"Why had colonialists fixed their sights on Morocco?" Porch rhetorically asks. "The answer to this question belongs more properly to the realm of psychology than that of economics. For Europeans, Morocco's economic importance was trifling--a few teapots and bolts of cloth . . . some spoke of Morocco's vast potential wealth in minerals, but these were dreamers, men who had not done their sums . . . The cost of conquering Morocco and of developing a transportation network beyond the few primitive tracks that existed in the interior would far exceed the profits from the few minerals that could be scratched from the soil . . . few emigrants could be scraped together to people the vast acres of conquered land."
Porch's answer is that the conquest of Morocco was motivated by a misguided notion of strategic importance and a desire to recover lost prestige. This answer goes beyond the period described in Porch's book and the subsequent French Protectorate. It extends into the present as well. For as one reads the newspapers, or visits Morocco, or speaks with government officials in that country, certain unavoidable parallels appear between Morocco as Porch describes it then, and Morocco now.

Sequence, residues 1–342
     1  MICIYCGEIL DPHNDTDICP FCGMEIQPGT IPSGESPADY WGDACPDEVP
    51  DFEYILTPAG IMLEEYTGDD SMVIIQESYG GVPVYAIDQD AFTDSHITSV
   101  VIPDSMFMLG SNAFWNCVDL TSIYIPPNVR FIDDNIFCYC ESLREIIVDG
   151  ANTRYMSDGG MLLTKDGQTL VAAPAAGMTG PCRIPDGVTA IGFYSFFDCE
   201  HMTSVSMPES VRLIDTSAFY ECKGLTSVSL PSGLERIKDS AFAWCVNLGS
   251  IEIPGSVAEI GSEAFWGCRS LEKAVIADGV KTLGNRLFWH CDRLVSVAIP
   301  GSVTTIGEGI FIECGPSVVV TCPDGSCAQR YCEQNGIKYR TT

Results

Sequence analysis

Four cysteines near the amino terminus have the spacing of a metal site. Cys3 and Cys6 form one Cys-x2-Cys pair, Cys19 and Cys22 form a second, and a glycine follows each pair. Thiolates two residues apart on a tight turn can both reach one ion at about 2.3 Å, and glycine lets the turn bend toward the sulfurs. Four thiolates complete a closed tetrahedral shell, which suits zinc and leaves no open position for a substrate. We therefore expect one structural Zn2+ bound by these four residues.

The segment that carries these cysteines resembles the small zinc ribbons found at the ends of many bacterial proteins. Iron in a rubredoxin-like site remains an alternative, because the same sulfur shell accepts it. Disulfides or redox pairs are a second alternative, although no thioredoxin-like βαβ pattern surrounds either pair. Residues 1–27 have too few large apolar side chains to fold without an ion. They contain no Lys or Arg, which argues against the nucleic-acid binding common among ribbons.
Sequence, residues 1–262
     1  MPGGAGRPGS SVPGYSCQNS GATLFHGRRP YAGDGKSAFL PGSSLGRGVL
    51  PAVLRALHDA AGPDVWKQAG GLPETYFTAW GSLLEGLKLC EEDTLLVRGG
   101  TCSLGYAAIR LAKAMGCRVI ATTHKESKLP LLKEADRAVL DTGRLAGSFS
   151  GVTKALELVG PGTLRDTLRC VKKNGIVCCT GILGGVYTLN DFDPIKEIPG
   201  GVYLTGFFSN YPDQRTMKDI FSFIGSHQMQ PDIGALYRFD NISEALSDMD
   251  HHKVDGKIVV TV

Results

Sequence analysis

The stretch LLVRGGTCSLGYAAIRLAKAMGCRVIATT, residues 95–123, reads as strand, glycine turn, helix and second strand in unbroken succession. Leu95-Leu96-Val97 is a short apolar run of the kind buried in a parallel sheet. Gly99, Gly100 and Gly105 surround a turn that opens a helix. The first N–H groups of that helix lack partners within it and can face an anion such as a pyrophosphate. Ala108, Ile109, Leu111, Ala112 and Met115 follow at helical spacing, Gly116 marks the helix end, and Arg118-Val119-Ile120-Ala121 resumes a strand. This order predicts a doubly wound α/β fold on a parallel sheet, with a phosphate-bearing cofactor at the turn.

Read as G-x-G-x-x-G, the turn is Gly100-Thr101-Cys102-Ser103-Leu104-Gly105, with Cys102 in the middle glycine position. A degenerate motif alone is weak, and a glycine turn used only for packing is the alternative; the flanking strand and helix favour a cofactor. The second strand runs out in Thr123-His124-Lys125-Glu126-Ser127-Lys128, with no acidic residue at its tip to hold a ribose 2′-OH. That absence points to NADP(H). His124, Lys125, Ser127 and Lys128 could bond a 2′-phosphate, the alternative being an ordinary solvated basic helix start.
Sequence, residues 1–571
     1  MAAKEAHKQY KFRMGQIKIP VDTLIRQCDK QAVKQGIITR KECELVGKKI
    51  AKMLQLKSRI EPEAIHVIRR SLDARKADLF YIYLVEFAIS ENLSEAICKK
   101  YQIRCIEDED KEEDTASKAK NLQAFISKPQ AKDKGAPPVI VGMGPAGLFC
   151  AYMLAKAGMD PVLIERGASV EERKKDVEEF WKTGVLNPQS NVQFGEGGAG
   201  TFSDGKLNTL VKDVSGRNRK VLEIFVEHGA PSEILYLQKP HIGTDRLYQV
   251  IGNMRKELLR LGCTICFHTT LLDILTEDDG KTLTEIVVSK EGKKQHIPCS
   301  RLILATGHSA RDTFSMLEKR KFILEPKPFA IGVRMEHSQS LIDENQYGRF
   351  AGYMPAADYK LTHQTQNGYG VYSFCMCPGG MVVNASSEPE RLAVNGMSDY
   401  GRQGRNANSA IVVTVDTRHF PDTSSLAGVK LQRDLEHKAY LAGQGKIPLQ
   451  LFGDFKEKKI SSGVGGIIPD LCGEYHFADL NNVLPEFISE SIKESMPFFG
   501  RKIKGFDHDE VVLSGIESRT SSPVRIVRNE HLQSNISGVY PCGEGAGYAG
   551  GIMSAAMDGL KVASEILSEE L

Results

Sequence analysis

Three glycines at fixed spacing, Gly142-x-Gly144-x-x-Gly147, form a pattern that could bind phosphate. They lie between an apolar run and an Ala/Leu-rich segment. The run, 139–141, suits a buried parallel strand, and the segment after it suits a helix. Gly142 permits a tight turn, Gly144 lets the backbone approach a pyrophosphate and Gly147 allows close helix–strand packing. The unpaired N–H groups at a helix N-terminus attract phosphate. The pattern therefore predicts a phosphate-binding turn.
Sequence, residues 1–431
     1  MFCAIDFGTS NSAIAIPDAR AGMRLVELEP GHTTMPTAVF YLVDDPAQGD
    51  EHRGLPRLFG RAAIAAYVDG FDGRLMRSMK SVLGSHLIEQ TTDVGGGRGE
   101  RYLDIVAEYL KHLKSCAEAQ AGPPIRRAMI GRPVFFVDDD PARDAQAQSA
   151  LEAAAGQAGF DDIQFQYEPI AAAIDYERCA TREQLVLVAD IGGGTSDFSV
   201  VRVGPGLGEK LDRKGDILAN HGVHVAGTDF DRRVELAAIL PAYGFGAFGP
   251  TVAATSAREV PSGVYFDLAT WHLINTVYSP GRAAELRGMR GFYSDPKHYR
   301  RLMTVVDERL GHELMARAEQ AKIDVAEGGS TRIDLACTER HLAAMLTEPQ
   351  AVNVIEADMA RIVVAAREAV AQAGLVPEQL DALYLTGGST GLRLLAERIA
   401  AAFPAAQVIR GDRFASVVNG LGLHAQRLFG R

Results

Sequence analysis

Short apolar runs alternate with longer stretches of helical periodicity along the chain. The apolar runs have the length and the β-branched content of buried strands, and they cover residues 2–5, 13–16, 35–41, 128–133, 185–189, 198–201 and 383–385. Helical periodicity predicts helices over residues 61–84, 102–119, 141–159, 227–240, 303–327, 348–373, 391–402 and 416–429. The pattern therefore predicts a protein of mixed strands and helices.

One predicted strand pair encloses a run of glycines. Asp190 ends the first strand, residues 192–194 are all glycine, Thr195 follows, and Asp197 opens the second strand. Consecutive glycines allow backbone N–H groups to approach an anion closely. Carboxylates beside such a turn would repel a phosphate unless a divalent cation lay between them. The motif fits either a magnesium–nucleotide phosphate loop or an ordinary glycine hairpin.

The current Sultan Hassan II, a lineal descendant of Abd el-Aziz, has since 1975 prosecuted a war in the Western Sahara. Like the sultans of the French colonial period he is finding the cost of munitions crushing, and desert warfare interminable and inconclusive. And, in an interesting turn of events, Morocco has taken on the role of colonizer, something it is ill-prepared to do.
Once again a Western power--in this era, the United States--is attributing to this corner of the world a strategic significance that holds up even less now than it did before World War I. In the intervening years since the French began their conquest, the strategic enemy has shifted from Germany and England to the Soviet Union. But calling tribesmen Soviet agents instead of German or English agents doesn't make it any more accurate. The increasing American military and financial support for Hassan's campaign has a signal resemblance to France's for Lyautey.
Porch repeatedly shows how Western perceptions of Morocco have erred from the beginning; in fact, that is his central theme. And misperceptions have great longevity and resilience, as current events indicate. Viewed in their light The Conquest of Morocco is not only quite a good and valuable book, it is also a cautionary tale.